In closely-held businesses in New Jersey with multiple owners, it seems fairly obvious that the more co-owners you can recruit to your side in a business divorce litigation, the better. You don’t need a lawyer to tell you that. However, what is not so obvious is the possibility of recruiting co-owners to your side once the litigation has commenced.
Litigation – especially business divorce litigation – can be quite divisive. » Read More
When minority shareholders in New Jersey (including LLC members) are being treated unfairly or oppressively, the New Jersey minority shareholder oppression statute provides significant rights that are written about quite frequently on this site. The upside of a successful oppression suit is often a buyout at market value. However, what if the minority shareholder loses the case?
The consequences of losing a shareholder oppression suit can be enormous, as most shareholders get only one true “bite at the apple.” In other words, if you already felt you were being treated unfairly, but the court did not grant you the relief that you wanted and left you as a minority shareholder, how likely would you be to ever file a second shareholder oppression lawsuit? » Read More
Business owners who are having a dispute with their business partners (in New Jersey) should not read this blog and assume their only remedy is shareholder dispute litigation. Because of the cost – both in legal fees, and to your business – litigation should almost always be a last resort. But being prepared to file litigation often leads to other positive, productive results.» Read More
In the last year or so, I have seen several business owners who are not very happy that New Jersey LLC members now have the same protection from minority oppression that is enjoyed by minority shareholders of corporations. To “protect” against such lawsuits, apparently several attorneys around the state are advising clients to add to Operating Agreements a clause that waives this protection.» Read More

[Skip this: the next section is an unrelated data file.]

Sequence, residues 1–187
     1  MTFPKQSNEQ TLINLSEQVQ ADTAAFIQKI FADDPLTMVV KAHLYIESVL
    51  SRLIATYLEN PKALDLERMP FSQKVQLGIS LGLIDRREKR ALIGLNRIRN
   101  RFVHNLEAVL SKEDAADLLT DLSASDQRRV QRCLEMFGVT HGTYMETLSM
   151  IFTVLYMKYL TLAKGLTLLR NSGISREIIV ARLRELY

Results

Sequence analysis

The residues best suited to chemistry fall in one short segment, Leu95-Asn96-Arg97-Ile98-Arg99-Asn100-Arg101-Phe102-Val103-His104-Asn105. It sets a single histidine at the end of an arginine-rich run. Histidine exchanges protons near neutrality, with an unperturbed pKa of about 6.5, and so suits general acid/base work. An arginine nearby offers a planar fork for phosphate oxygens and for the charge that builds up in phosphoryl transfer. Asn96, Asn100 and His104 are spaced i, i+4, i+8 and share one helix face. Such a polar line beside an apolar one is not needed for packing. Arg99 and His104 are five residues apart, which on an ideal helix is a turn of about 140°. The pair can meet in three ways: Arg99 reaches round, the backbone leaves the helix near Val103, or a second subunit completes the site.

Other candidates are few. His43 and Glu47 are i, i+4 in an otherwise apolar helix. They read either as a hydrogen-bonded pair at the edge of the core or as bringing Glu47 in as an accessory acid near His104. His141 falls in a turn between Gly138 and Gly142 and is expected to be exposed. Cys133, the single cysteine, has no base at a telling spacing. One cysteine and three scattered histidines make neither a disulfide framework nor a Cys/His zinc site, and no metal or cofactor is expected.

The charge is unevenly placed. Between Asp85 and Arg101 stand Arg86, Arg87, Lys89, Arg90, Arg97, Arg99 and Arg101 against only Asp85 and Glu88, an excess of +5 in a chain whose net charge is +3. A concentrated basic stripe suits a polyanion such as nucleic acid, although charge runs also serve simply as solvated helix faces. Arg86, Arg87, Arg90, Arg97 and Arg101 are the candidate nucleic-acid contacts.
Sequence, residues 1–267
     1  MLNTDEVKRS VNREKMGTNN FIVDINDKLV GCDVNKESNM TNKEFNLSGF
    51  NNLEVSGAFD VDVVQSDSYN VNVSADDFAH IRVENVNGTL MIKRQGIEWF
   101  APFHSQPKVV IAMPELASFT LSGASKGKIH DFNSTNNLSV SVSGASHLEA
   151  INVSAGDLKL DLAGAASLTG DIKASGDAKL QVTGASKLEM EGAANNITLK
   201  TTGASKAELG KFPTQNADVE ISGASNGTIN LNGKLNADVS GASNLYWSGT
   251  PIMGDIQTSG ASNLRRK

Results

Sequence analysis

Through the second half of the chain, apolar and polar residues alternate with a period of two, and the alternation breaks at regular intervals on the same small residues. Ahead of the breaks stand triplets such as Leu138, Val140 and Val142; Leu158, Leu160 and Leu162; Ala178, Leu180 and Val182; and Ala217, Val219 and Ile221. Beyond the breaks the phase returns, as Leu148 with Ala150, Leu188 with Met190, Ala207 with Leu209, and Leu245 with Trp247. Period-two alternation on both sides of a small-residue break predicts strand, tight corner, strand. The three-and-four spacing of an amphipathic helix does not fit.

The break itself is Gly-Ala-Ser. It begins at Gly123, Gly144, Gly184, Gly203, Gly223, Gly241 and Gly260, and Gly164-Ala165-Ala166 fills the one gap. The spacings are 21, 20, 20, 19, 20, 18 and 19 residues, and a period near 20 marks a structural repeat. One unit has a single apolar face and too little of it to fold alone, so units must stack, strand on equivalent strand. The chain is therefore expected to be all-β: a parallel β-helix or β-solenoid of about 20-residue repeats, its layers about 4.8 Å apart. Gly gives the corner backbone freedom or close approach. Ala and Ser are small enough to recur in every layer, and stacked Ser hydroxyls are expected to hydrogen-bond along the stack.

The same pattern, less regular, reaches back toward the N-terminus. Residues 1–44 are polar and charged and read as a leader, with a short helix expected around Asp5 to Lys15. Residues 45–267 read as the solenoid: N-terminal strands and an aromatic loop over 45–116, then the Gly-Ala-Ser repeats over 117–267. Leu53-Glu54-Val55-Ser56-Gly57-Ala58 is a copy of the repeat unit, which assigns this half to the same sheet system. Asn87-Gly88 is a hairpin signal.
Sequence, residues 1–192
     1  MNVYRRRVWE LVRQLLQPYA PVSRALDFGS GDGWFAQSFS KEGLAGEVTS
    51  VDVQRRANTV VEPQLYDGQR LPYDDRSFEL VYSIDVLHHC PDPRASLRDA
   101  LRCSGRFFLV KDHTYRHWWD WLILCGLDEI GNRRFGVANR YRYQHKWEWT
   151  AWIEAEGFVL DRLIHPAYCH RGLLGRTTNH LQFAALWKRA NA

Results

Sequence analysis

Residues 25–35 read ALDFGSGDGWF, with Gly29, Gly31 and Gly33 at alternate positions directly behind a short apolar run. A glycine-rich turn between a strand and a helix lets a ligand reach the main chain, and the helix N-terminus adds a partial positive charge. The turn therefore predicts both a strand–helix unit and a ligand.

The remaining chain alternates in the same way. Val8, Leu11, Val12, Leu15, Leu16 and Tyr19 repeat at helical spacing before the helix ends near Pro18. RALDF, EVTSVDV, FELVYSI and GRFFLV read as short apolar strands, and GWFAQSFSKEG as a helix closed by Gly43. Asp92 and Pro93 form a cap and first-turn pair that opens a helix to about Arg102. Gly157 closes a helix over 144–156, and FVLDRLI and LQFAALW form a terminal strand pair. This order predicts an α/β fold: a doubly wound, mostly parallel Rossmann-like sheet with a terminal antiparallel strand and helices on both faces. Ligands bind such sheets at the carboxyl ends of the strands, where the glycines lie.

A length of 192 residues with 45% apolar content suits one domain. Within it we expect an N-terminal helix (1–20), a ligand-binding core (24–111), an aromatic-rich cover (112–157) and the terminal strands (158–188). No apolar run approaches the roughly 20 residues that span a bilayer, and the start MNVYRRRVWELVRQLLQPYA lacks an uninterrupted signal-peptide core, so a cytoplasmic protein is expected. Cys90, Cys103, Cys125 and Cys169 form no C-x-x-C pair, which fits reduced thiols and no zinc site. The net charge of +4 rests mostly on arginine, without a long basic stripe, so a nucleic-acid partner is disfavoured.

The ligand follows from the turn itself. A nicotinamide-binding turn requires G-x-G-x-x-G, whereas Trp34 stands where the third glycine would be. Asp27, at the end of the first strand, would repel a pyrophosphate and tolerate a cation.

An injunction is when a court orders someone to do something, or not to do something. These can be very difficult to obtain – in some circumstances – and are often not granted when money damages at the end of a lawsuit can make the aggrieved party whole. In shareholder dispute litigation, injunctions are often a critical tool. A court can order the majority shareholder not to take certain actions that would be hard to unwind at the end of the case. » Read More
David C. Roberts and Norris McLaughlin & Marcus, P.A., cordially invite you to a complimentary breakfast seminar that will explain your rights as a shareholder. You may feel your business partner is defrauding you by taking too much money and using the company as a personal piggy bank. Or, you may simply feel kept in the dark, marginalized, and left out in the cold. » Read More
Many times, two 50% owners possess different areas of expertise and separate spheres of influence. For example, it is not uncommon for one business partner to be in charge of sales, with the other in charge of finances. Because of this, one person often has more contacts than the other. Presumably, but not necessarily, the shareholder in charge of sales will have more customer contacts than the one who runs the front office.» Read More
In my last posting, I started discussing the difficulty involved in simply “getting before the judge” so that he can “hear my story,” and the fact that it’s usually not that easy in a shareholder dispute litigation. This time, I want to elaborate on such requests, including real life examples in shareholder disputes of when a judge is likely to intervene early, and when she is not.» Read More
A minority shareholder will most often seek a buyout as a judicial remedy. However, in some instances, the minority shareholder may want to be the purchaser instead of the seller. Although this is never easy, it is possible, depending upon the particular facts.
If you have a chance of being the purchaser of the majority’s interest, by definition you have been successful in demonstrating that the majority shareholders engaged in wrongful conduct. » Read More
You have decided that the problems you are having with your business partner are so bad that you have to file litigation against him. As discussed in prior postings, the remedy in such a case is often a buy-out. Either the court will order that you will buy out your business partner, or that he will buy you out. » Read More